This is the third part of this article, continued from last-line.
Intel Socket 1151: Sailing With “Skylake”
This is the heart of the performance market today. With the mid-2015 debut of Intel’s 6th-Generation Core i chips, code-named “Skylake,” Intel brought incrementally better processing performance and enhanced power efficiency to its mainstream CPUs.
What this means on the desktop:
If you have a system with a 3rd- or 4th-Generation Core CPU, there’s not a whole lot of incentive to upgrade, since the performance upticks for equivalent chips generation-to-generation are generally incremental, and an upgrade will require an all-new motherboard. That’s because a new socket, Socket 1151, debuted with Skylake, and the Skylake chips won’t work in older boards. You probably don’t already own a Skylake-compatible motherboard, so you need to factor in that extra cost and hassle. The i7-6700K is the choice cut for overclockers and performance enthusiasts looking to get the most out of the platform, while the Core i5-6600K is a good pick for mainstream power users and gamers looking to shave off $100 or more.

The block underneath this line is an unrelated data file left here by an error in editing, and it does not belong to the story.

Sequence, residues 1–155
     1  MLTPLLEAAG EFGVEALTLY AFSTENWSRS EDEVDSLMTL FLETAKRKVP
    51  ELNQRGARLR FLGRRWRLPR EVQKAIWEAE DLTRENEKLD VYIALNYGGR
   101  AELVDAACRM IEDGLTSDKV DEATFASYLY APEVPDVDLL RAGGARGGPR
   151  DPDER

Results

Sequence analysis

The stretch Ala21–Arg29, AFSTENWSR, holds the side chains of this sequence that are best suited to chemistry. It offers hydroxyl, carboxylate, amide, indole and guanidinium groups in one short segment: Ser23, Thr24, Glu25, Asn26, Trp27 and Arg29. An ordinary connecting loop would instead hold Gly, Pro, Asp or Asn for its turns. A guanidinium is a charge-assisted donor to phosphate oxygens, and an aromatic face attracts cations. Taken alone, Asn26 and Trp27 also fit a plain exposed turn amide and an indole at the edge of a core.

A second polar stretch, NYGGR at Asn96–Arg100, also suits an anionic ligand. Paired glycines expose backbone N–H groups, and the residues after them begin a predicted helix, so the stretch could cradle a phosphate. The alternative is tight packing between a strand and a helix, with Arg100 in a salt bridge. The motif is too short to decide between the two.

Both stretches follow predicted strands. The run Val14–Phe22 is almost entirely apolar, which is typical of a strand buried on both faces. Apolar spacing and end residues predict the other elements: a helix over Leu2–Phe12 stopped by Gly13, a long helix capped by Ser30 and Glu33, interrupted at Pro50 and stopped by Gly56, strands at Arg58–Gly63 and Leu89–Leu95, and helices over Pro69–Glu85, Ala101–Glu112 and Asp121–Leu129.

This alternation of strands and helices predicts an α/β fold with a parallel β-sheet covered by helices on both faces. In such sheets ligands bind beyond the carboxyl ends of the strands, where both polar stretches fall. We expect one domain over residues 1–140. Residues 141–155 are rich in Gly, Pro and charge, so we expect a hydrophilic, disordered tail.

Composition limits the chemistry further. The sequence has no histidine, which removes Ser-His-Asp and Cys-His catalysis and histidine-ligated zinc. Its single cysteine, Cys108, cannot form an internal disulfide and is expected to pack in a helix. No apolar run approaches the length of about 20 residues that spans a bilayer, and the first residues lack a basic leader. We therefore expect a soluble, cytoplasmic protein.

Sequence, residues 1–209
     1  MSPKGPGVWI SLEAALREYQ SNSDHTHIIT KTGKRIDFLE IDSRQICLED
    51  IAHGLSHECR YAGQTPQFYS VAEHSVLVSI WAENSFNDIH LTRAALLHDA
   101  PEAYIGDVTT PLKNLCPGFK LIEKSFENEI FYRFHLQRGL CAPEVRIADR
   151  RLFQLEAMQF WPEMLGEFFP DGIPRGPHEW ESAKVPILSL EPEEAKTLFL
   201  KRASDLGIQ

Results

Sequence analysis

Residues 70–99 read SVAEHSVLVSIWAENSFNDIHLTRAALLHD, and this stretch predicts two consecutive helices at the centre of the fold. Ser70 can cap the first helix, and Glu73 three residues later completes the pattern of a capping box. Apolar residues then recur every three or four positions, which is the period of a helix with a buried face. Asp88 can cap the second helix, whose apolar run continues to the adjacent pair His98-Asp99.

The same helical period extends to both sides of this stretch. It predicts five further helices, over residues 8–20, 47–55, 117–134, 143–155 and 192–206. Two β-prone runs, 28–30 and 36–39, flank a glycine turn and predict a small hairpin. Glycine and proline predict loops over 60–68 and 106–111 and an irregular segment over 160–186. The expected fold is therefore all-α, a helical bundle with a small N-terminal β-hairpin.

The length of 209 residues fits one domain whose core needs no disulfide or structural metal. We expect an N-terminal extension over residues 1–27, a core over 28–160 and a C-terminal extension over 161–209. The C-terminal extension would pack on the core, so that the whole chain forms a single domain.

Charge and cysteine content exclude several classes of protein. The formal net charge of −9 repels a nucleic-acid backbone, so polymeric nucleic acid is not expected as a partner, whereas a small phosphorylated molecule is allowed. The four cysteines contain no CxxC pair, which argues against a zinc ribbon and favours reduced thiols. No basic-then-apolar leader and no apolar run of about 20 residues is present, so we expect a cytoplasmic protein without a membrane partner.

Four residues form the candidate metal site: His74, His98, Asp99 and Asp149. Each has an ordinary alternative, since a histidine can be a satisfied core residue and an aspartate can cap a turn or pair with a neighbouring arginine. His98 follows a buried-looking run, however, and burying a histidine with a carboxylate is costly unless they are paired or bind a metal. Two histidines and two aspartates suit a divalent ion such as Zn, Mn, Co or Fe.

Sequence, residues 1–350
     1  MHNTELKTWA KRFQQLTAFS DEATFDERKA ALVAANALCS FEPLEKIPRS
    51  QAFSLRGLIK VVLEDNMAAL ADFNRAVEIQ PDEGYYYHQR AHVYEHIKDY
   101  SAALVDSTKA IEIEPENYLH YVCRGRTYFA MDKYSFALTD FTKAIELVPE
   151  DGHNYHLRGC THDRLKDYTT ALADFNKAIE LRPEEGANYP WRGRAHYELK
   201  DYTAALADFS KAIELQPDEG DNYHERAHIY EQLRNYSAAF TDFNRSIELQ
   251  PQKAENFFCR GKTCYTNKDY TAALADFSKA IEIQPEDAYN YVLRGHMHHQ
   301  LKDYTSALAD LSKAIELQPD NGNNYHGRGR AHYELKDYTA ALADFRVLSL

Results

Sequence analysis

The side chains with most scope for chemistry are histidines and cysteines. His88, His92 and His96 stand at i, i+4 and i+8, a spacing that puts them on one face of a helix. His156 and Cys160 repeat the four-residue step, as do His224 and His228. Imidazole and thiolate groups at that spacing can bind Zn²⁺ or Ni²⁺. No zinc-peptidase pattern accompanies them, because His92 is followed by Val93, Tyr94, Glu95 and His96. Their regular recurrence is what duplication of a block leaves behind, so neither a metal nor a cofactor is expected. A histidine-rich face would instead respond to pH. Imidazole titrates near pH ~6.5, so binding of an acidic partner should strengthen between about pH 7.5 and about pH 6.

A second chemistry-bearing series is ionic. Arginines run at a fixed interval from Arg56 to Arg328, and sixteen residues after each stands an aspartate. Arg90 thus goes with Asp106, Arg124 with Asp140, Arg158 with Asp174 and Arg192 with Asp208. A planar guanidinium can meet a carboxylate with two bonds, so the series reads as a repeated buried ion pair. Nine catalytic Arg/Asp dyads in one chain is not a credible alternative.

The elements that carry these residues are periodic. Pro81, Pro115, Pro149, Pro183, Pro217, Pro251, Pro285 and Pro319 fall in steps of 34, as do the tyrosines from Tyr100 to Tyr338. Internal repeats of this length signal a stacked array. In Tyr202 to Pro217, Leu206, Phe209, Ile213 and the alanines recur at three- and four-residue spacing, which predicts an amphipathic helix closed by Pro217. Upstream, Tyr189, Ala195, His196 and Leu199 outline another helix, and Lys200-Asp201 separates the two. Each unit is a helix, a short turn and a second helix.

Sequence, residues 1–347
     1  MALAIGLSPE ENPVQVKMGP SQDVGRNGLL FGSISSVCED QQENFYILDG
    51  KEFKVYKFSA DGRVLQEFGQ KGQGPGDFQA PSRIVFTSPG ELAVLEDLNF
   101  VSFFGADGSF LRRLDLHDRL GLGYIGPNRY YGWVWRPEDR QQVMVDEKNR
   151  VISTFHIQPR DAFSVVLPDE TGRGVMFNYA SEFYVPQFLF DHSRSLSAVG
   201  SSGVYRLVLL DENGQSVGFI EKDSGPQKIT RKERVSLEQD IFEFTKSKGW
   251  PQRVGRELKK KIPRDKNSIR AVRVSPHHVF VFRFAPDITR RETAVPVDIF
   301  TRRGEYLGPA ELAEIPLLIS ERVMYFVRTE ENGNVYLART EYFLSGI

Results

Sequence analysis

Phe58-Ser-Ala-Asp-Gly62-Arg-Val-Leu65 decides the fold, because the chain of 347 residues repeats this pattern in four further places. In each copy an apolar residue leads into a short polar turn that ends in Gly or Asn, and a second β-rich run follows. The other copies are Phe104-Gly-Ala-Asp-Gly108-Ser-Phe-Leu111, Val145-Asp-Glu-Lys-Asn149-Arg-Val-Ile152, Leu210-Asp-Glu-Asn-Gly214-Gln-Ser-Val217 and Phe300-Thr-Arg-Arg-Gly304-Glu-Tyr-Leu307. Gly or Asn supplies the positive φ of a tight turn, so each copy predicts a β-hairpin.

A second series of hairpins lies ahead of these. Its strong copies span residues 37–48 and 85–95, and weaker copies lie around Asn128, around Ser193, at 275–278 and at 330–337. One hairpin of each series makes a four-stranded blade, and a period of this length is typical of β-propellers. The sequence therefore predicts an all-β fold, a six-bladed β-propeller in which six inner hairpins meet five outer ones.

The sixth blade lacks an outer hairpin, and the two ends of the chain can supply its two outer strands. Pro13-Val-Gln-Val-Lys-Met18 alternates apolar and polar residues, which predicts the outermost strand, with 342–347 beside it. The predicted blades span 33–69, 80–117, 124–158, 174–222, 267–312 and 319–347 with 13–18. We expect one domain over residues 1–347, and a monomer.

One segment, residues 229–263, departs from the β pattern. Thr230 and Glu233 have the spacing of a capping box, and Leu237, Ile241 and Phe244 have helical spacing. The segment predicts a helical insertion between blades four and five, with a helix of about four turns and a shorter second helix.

Note that Skylake Core chips all have a form of Intel’s HD Graphics or Iris Graphics onboard, so users who don’t want to splash out for a dedicated video card can get by with the on-chip acceleration here.
Bottom Line: Socket 1151 is the best processor platform for mainstream power users looking for Intel’s state of the art without the extreme expense of Socket 2011. It’s generally only a worthwhile mobo upgrade, though, if you’re more than two generations of Intel behind. In particular, many higher-end Z170 boards support new PCIe M.2 NVMe solid-state drives, which are much faster than even the fastest SATA-based SSDs.
Next part is here.